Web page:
The relation between the loss of GABA inhibition, hyperglutaminergic signaling, and dopamine transmission dysfunction has been emphasized by studies done by Martins-de-Souza (2010) evaluating calcium homeostasis-related proteins in SZ. The study involved network analysis using the STRING software to draw protein–protein interactions implicated in the pathogenesis of SZ. This analysis shows that in SZ, the disruption of proteins related to calcium balance including glutamate may increase Ca+2-dependent phospholipase A2 (PLA2) activity and account for the accelerated phospholipid turnover and reduced dopaminergic activity seen in the SZ frontal lobe (Martins-de-Souza, 2010). In vivo studies on animal models further support these hypotheses involving the signaling systems in SZ utilizing NMDAR antagonists like PCP on both mice (Enomoto et al., 2007) and rats (Pollard et al., 2012).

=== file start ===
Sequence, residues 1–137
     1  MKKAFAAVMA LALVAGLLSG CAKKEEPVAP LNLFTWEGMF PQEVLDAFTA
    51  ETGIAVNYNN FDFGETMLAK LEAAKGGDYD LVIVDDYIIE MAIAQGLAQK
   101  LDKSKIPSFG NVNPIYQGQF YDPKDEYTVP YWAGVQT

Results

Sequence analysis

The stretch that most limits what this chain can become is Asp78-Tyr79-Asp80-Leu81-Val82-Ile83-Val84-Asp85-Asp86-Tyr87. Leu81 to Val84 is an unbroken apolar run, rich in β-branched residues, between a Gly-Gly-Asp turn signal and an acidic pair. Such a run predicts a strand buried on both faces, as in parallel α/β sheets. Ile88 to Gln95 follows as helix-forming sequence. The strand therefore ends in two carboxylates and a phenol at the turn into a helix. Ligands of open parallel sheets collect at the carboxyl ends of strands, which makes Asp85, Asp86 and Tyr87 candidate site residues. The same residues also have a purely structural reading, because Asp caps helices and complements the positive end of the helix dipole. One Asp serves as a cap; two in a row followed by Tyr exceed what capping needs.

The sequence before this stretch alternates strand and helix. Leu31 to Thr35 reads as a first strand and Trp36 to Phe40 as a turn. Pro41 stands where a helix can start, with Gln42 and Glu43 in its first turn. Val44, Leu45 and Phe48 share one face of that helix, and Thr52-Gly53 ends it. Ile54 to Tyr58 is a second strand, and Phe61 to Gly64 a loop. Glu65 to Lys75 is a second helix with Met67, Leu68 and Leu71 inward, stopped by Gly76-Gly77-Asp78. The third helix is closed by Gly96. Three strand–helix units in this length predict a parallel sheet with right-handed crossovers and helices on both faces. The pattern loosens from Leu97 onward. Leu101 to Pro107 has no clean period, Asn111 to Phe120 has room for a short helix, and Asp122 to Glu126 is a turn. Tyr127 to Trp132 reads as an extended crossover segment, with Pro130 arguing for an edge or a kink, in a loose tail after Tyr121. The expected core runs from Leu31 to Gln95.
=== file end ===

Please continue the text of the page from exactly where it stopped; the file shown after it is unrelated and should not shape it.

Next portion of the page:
Studies of GLAST-knockout mice (GLAST is a protein involved in glutamate clearance) supports the hypothesis that glutamate hyper-transmission contributes to the pathophysiology of SZ (Karlsson et al., 2008, 2009). One study by Karlsson et al. (2009) on mice reveals that GLAST-knockout produce phenotypic abnormalities related to the negative and cognitive symptoms similar to SZ patients. Moreover, the same group showed similar results in a previous study on GLAST-knockout mice and supported the antipsychotic potential of mGlu2/3 agonists that decrease Glutamate release from neurons (Karlsson et al., 2008). Beyond this integration, systems biology further expands to the predictive part where several computational models have been designed to mimic circuit alterations in SZ and provide a platform to understand the pathophysiology of the disease and the effects of drugs and therapeutics as will be discussed in the in silico modeling section (Vierling-Claassen et al., 2008; Spencer, 2009; Rotaru et al., 2011; Volman et al., 2011; Komek et al., 2012).